Portable generators provide power in numerous situations from electrical outages to picnics and tailgate parties. While you may feel tempted to pick up whatever you see available in Home Depot or Lowe’s, many of those generators only fill minimum needs. They may power basic items like a light and charge cell phones and computers, but won’t be capable of running a refrigerator or air conditioner.

Remember that unless you choose a battery-powered 24-hour unit that creates no emissions, you must run your generator outdoors. Regardless of their fuel source – gas, propane, etc. – a generator produces carbon monoxide when it runs. Running one indoors poisons the air and kills people and pets.

Consider Your Needs

You’ll find a plethora of generators out there, but not all fit your needs. Make a list of where and how you want to use your generator.

  1. Will you use your generator for:- camping trips,- emergency situations like power outages,- job sites to power tools,- picnics and tailgate parties?
  2. Do you need portability or a permanent installation?
  3. With what voltage outlets do you need to use it, 120 or 240 volts?
  4. How many and what wattage items do you need to power simultaneously with the generator?
  5. What fuel do you want to use?
  6. What type of start mechanism do you want to use – push button, pull start, remote control?
  7. How much can you afford to spend? With respect to number four, you can use the following averages to calculate load:- computers, 60 to 300 watts,- lights, 60 to 600 watts,- portable heater, 1,500 watts,- refrigerator, 600 watts,- sump pump, 750 to 1,500 watts,- window air conditioner, 1,000 watts.

With these questions answered, you’re ready to begin your Internet research for the right generator. Better models offer features that can save you money in the long run and can reduce your need to refill the tank as often.

Look for these seven key features for the best investment and performance.

Low-Oil Sensor

Running a generator continuously for hours causes the oil level to drop. As the oil level reduces, it can hit a level at which it no longer lubricates the engine appropriately. This can damage the motor. Units with a low-oil sensor turn off the generator for you when the oil level reaches a too low point. If the unit receives oil separately from its fuel, check the oil before each use. Always keep the oil level topped up before cranking the generator.

Electric Starter

Pull starts pervade the selection of generators, but push button and remote control models have become more popular. Pull starts work like push lawn mowers. You pull a cord that cranks the engine. If you’re not interested in that kind of workout, an electric starter saves you the trouble. These devices have a built-in battery that powers the electric starter. Keep the battery charged. A standalone charger that maintains the battery, but has an automatic shut off so the battery doesn’t overcharge accomplishes this.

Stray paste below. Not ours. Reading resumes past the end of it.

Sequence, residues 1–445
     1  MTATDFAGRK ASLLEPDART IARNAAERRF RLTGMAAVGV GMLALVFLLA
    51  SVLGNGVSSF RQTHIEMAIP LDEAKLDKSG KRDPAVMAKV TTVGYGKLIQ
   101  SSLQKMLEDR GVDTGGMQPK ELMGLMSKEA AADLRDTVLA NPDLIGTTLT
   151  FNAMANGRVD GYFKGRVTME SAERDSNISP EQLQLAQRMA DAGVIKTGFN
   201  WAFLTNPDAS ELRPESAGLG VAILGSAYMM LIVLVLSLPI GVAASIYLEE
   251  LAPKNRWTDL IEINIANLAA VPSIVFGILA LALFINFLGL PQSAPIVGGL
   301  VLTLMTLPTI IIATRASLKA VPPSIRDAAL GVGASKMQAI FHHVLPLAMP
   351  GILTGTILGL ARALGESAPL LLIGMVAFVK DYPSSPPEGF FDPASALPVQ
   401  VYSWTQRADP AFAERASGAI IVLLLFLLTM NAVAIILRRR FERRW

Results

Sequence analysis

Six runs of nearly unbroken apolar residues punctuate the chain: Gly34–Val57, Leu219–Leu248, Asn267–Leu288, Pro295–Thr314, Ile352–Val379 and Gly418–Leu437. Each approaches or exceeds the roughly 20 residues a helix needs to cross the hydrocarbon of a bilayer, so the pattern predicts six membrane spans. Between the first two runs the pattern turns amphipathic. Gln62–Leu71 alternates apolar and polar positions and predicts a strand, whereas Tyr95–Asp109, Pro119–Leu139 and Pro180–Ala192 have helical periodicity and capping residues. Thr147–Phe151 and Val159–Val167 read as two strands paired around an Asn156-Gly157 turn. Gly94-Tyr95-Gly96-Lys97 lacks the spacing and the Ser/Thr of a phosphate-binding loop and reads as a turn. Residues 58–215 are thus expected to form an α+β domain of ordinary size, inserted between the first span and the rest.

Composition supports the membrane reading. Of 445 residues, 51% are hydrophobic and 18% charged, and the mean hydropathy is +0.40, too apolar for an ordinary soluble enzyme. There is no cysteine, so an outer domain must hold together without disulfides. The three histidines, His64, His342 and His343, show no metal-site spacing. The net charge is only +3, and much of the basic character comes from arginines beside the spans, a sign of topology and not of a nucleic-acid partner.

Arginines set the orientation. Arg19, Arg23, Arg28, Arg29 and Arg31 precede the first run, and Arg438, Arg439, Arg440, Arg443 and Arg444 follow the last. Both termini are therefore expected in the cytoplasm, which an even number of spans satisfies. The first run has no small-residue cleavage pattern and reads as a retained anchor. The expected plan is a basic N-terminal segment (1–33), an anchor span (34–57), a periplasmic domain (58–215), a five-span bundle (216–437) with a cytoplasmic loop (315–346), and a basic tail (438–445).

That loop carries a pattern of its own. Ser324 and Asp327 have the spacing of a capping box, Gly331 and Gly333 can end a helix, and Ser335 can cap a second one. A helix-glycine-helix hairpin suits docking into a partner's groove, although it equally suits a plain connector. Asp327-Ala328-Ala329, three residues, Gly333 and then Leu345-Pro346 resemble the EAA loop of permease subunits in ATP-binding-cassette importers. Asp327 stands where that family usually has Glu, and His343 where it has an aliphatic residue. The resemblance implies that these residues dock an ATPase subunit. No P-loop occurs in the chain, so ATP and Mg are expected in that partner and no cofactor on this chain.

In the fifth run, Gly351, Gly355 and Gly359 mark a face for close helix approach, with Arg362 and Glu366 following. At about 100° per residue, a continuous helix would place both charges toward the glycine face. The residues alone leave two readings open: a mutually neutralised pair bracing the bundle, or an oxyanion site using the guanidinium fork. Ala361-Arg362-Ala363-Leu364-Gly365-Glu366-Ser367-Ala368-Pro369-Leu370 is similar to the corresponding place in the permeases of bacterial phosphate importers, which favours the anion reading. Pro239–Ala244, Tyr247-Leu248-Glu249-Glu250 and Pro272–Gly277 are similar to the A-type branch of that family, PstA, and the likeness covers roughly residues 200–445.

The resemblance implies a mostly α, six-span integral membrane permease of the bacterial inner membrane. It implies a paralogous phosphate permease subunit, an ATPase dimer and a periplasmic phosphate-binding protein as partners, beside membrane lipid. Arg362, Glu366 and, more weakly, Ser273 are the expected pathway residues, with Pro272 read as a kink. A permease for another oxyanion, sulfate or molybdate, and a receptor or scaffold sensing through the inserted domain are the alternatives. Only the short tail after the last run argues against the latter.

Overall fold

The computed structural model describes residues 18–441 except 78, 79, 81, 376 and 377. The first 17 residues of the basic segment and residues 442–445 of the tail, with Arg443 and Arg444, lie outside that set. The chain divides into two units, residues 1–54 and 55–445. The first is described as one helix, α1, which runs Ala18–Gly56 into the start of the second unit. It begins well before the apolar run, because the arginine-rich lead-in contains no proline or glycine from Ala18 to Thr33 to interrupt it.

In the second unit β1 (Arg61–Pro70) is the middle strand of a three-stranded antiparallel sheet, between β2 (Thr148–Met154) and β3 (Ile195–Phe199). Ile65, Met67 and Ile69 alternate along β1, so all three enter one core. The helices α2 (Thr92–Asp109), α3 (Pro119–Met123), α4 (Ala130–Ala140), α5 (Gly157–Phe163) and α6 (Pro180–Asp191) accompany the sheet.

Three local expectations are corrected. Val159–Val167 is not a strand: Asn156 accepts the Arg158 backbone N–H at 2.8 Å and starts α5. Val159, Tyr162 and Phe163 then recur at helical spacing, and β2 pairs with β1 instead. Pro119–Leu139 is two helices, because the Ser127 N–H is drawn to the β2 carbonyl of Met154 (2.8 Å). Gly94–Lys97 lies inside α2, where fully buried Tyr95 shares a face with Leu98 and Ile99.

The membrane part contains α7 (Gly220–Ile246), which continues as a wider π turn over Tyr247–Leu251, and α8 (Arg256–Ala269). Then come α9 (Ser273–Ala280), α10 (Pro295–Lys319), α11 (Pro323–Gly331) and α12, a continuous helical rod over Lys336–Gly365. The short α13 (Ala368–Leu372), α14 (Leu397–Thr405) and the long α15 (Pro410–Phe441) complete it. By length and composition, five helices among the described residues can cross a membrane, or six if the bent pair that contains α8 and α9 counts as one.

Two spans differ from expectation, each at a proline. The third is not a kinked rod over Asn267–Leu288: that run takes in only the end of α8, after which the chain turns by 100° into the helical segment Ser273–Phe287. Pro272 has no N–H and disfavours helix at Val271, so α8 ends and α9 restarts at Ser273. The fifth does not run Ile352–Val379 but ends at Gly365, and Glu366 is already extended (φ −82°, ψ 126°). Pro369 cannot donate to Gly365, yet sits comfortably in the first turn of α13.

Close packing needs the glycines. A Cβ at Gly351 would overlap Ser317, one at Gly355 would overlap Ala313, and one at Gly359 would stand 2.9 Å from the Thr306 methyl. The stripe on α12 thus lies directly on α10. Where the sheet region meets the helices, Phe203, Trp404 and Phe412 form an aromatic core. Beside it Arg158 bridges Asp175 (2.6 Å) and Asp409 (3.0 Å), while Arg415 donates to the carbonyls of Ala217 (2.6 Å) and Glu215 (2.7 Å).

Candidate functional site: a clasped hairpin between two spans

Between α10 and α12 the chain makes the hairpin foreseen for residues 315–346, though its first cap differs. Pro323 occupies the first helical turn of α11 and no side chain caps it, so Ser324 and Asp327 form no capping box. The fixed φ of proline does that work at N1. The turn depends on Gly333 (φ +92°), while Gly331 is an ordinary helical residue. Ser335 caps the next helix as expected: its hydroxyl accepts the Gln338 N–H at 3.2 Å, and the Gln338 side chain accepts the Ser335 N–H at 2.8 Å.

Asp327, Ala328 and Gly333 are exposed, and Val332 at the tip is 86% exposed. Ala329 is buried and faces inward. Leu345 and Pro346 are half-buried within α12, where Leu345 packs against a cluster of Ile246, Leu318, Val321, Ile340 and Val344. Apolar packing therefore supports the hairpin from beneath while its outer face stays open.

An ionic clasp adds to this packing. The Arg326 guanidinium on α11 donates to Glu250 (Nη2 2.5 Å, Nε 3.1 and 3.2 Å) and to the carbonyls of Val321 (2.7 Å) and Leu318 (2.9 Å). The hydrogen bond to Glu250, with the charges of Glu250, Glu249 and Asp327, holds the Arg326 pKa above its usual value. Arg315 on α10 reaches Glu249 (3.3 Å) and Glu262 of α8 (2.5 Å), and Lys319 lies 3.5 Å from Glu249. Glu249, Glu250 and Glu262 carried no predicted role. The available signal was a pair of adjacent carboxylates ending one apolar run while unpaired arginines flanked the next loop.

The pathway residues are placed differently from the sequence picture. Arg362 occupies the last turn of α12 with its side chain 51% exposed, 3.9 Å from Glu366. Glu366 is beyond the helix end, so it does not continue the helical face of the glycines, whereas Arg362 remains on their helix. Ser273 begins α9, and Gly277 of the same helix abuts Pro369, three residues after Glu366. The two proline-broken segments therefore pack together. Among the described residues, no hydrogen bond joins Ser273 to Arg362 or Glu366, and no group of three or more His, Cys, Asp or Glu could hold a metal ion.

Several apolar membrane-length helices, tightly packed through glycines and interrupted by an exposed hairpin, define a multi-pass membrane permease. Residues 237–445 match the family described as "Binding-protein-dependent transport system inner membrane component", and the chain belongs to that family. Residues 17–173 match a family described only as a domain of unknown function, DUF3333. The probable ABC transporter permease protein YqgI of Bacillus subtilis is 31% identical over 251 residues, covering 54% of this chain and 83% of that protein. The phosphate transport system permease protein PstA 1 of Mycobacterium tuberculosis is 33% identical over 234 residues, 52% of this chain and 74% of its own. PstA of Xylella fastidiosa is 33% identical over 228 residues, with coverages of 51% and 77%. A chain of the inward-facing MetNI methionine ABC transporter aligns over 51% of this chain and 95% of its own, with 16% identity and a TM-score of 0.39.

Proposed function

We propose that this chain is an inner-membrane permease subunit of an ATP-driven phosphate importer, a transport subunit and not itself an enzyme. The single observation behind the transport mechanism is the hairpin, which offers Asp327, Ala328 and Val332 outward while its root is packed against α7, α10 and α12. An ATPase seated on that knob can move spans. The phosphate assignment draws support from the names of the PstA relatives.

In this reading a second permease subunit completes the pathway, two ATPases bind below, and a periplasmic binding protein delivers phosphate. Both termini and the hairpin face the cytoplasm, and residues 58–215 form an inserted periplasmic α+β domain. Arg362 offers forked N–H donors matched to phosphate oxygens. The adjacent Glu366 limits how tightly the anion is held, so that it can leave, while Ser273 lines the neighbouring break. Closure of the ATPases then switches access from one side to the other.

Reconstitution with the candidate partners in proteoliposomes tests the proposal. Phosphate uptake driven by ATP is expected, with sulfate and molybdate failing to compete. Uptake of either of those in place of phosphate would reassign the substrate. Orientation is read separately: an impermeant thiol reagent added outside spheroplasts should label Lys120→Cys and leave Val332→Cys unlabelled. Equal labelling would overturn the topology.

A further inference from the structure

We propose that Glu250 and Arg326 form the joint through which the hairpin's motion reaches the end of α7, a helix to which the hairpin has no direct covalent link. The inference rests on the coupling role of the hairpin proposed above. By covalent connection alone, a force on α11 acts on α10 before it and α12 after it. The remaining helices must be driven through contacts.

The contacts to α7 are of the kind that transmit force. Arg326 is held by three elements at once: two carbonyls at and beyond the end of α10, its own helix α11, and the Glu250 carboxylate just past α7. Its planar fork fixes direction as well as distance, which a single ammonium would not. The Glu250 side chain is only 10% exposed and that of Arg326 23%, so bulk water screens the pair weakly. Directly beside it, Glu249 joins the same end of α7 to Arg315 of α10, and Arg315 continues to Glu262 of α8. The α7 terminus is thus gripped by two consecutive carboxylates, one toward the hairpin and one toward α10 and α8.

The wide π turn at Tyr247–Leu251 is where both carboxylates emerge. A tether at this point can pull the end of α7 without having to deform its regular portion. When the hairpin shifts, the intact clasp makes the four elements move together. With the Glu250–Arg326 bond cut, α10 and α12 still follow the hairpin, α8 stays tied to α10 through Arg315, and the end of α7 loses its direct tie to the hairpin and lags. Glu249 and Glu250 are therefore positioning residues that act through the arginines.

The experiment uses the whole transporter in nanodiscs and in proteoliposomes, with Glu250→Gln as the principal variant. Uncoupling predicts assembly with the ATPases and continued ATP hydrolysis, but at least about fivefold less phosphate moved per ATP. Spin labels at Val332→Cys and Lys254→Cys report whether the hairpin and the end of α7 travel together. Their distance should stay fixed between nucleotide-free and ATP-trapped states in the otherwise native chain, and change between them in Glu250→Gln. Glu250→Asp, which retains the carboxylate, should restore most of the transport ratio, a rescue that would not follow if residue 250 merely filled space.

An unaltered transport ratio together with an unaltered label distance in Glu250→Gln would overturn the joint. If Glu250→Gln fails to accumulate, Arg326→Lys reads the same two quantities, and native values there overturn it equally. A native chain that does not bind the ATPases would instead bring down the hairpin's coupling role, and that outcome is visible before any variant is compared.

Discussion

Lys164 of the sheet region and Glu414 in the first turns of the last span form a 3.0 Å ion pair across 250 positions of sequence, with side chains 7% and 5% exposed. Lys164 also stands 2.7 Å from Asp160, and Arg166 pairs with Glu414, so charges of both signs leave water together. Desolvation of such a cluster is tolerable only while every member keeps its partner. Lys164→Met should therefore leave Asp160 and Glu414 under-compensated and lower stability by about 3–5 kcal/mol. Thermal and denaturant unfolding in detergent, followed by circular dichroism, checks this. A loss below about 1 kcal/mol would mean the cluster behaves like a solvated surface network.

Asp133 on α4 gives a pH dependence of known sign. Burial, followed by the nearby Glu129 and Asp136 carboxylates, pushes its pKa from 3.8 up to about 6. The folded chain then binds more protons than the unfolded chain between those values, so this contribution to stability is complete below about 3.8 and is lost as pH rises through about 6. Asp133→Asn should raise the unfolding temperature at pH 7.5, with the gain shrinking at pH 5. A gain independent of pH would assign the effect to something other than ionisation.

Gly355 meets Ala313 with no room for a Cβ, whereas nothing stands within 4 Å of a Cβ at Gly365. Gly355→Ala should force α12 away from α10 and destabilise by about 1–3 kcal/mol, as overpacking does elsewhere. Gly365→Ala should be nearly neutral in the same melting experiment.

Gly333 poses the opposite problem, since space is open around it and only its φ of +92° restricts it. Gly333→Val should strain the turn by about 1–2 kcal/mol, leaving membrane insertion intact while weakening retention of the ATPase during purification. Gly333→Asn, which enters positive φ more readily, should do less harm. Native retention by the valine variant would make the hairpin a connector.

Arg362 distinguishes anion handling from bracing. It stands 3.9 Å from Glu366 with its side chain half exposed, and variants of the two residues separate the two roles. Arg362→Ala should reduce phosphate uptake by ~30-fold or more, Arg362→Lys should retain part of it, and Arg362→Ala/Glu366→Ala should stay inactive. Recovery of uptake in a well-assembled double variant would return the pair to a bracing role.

Automatic Starter

Automatic starters appear as a feature on units that hardwire into a home. These larger power units feature an automatic starter that recognizes when the grid power goes offline and transfers power need to the generator. These require the installation of a transfer switch by an electrician. They should do this when they wire it into the home.

Multiple Receptacles

Many units have a single 120-volt receptacle. Others may carry two to three receptacles. If you need to power larger items though, you’ll need a 240-volt receptacle. Look for GFCI receptacles if you’ll need to run items on extension cords or in a damp location. Humidity counts.

Multiple Fuels or Specific Fuel Type

Gas generators prove the most common. Your community may restrict gasoline storage though so this may limit you to 25 gallons or less. Propane generators use the same type of small tanks as a gas grill. Solar generators hit the market in the last few years and simply charge using sunlight. They store their charge in batteries that you can then access later in the day when you need the power. Overnight generators that hold only a 24-hour charge, you keep plugged into an outlet until the power dies. The electricity charges a battery inside it that then provides 24 hours of use. Some models offer more than one fuel type. These offer the greatest versatility but cost more.

Fuel Gauge

Units with a fuel gauge let you know at a glance how much fuel remains. Since fuel equates to run hours and load bearing, this lets you know how long you have until you need to manually refill the tank.

Removable Console

A removable console connects to the generator face enabling you to plug items in without the need for an outdoor extension cord. Even using an outdoor extension cord can create a hazard during a storm.

Now that you know what to look for, check to see some of the highest rated portable generators. That’s the type most people start with since it lets them use it in a number of situations to understand what serves them best. A backup generator proves an indispensable item whether in an emergency, at the job site, or powering your picnic. You’ll probably find you want one for home and one for work.

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